Soekarno’s Pancasila national state and its opponents
Essentially an administrator’s cabinet, Soekiman’s government did not last long, but subsequent attempts to form a politically coherent cabinet headed by a charismatic leader also failed. After two months of negotiations, Soekarno resolved to let Wilopo (of the PNI) form another coalition government. Between its inauguration in April 1952 and its fall in June 1953, this cabinet saw many changes in the national climate. Political Islam was weakened by Nahdatul Ulama’s decision to leave Masyumi, the Communist Party succeeded in overcoming the legacy of the Peristiwa Madiun
(Madiun Affair) and became a supporter of Soekarno and army hierarchies were reorganized after the 17 October affair.
As noted, Masyumi had emerged during the Japanese occupation from the merging of various political and non-political Islamic organizations. During its reorganization after 1945, NU members had been relegated to the Majelis Sjoero on account of their legal expertise. In 1949, however, this organ had been transformed from a legislative body into an advisory committee, stripped of its legal authority. NU’s final split from Masyumi resulted primarily from two main factors. First, NU’s political aspirations had been repeatedly frustrated: in the two Masyumi cabinets, NU had only been assigned the Ministry of Religious Affairs, and in 1952 NU had been deprived of this ministry as well. Second, there continued to be a great difference between modernist and traditionalist understandings of the religion-politics nexus which entailed quite different strategies for achieving the Islamization of state and society.
Soon after the split, the NU re-constituted itself as a political party and joined forces with the PSII, the Sumatran Persatuan Tarbiah Islamiyah (Perti, Islamic Tarbiyah Union) and a smaller Islamic party from Sulawesi, to form the Liga Muslimin Indonesia (League of Indonesian Muslims). Aside from supplying an alternative to Masyumi’s vision of Islam and politics, the formation of the league overall weakened the Islamic front in parliament. In the 1955 elections, Masyumi would finish second, after the PNI, whilst the NU would finish third, closely followed by the PKI.
The Communist Party underwent much transformation in the 1950s. Dipa Nusantara Aidit, representing the younger generation, had returned to Indonesia soon after the end of the revolution, and in 1951 succeeded in assuming the party’s leadership. Gradually playing down his connections with Moscow, Aidit espoused nationalism. By 1953 the party had become openly supportive of Soek- arno, and in 1954 it embraced the Pancasila. It was this very step that raised concerns within Muslim circles and marked a change in Islamic groups’ approach to the state philosophy.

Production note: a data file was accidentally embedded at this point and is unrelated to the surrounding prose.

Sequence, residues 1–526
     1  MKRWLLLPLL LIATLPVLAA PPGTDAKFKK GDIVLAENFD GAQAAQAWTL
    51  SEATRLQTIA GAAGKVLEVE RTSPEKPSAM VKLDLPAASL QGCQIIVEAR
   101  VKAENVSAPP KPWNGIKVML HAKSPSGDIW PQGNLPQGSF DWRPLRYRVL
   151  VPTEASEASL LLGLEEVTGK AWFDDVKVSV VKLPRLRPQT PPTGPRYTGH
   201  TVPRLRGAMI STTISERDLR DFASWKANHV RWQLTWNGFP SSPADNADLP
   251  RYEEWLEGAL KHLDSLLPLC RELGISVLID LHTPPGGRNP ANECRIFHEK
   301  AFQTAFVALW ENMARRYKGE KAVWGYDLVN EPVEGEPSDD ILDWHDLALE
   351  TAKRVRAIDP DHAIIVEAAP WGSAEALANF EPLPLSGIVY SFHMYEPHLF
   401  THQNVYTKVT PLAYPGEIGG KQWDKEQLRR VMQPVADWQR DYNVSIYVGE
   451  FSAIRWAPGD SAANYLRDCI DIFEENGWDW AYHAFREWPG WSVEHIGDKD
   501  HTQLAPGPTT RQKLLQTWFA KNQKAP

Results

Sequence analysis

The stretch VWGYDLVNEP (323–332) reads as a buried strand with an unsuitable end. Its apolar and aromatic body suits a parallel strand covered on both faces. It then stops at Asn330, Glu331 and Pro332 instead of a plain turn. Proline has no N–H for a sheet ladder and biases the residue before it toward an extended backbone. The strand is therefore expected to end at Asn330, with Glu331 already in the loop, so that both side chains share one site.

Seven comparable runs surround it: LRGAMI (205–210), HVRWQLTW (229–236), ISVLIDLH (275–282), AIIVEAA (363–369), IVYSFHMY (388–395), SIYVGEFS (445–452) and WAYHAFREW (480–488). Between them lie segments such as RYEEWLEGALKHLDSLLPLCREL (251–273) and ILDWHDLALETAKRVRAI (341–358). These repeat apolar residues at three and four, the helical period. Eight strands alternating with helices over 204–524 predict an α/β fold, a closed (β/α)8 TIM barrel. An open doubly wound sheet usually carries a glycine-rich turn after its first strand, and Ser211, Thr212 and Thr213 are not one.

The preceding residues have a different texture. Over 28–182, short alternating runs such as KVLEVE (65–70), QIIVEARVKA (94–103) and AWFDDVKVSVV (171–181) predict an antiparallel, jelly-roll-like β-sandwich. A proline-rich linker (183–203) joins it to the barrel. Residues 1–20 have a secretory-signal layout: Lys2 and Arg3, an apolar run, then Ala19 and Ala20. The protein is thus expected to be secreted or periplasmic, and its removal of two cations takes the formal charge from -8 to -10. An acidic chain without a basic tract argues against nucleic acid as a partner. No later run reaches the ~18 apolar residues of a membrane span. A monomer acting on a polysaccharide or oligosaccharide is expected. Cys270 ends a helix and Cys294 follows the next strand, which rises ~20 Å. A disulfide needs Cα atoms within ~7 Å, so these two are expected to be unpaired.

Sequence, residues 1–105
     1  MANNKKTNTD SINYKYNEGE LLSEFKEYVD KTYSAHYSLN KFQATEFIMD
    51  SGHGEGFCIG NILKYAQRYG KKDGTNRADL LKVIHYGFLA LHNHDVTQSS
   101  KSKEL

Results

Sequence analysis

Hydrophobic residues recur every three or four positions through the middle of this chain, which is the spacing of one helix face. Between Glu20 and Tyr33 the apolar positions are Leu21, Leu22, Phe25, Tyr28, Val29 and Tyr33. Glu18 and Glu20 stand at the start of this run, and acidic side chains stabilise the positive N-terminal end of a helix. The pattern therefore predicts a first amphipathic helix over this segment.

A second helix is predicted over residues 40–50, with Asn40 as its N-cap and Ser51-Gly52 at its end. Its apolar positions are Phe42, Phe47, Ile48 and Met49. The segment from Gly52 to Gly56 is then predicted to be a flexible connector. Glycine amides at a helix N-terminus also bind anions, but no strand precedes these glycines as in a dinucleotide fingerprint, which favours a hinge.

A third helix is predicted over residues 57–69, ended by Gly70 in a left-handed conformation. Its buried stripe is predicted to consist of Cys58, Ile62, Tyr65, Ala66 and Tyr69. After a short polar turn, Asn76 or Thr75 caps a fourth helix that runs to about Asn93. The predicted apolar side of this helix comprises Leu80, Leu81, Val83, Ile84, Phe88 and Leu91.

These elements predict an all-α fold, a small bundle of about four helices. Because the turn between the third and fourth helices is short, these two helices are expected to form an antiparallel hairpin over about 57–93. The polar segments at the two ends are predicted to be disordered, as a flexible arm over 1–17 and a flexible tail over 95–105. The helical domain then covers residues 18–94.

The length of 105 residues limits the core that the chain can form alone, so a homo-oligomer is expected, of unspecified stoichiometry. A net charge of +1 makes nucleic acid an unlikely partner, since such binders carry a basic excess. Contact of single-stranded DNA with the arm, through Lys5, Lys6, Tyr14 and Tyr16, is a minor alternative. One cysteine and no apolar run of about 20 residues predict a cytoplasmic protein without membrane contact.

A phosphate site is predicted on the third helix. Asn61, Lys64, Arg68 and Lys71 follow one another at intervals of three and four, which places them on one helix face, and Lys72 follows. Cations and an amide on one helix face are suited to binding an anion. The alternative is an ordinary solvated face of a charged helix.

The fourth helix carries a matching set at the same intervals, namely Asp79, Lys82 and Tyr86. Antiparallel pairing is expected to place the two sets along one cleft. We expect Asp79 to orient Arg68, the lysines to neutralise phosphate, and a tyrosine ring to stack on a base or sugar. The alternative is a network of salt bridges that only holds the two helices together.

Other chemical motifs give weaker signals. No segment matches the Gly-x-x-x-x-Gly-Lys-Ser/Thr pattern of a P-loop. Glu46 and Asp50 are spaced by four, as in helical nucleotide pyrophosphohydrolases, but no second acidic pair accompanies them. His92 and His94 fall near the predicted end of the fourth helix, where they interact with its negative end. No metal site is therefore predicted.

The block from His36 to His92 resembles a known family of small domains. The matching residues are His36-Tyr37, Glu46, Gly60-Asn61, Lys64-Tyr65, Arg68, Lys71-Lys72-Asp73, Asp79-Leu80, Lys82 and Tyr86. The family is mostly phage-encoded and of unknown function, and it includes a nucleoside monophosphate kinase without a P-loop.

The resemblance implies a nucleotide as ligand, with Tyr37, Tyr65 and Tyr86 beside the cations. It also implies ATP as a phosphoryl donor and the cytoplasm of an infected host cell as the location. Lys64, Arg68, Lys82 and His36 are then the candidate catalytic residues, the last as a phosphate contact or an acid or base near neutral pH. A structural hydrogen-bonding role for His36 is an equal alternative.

Masyumi’s and Nahdatul Ulama’s worries rose in the following years, and not just because the first principle of the Pancasila - the belief in the one and only God - was being emptied of its religious value gradually becoming acceptable even to communists, but also because Soekarno had abandoned his professed ideological neutrality. In late January 1953, during a visit to Amuntai, South Kalimantan, Soekarno declared that ‘the state we want is a national state consisting of all Indonesia. If we establish a state based on Islam, many areas whose population is not Islamic, such as the Moluccas, Bali, Flores, Timor, the Kai islands, and Sulawesi, will secede’. Whilst in Makassar the following year, Soekarno explained that the first sila should be understood to include also ‘the animist belief in spirits and ghosts’.
The 1953 speech made in the Muslim town of Amuntai resonated across the religious spectrum, not least because of the looming elections. When Soekarno was asked to elaborate further on the Amuntai statement, he solemnly replied that the Pancasila already represented a compromise and that what Indonesia needed now was unity, not debate. Not only would a national state refrain from opposing Islamic precepts, he argued, but because Islamic texts include no explicit basis for democracy or elections, Muslims should not be able to say, ‘My party has the larger numbers, I must win’. Laying the foundations for his konsepsi (vision), Soekarno added that democracy was just a means, not a goal in itself, and what the people needed was a ‘democracy with leadership’.